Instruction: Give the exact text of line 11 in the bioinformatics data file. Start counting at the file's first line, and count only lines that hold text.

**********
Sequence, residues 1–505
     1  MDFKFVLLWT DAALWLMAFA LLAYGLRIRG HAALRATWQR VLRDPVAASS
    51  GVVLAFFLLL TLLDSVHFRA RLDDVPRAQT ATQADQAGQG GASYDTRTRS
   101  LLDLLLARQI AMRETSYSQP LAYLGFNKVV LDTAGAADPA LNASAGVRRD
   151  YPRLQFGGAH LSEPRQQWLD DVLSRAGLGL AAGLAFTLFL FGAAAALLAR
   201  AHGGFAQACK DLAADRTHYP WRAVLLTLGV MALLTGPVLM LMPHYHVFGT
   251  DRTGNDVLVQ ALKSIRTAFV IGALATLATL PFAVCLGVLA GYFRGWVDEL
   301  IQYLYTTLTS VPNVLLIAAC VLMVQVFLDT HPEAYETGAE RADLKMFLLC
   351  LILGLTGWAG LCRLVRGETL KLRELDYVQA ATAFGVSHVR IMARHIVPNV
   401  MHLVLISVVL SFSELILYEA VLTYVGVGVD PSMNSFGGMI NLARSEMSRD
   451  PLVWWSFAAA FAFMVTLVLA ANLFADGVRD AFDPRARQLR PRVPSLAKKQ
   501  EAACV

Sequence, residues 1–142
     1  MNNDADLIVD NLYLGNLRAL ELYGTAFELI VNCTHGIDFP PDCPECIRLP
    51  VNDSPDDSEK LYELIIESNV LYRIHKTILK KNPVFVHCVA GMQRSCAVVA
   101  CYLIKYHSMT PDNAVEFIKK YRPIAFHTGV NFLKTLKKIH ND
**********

   451  PLVWWSFAAA FAFMVTLVLA ANLFADGVRD AFDPRARQLR PRVPSLAKKQ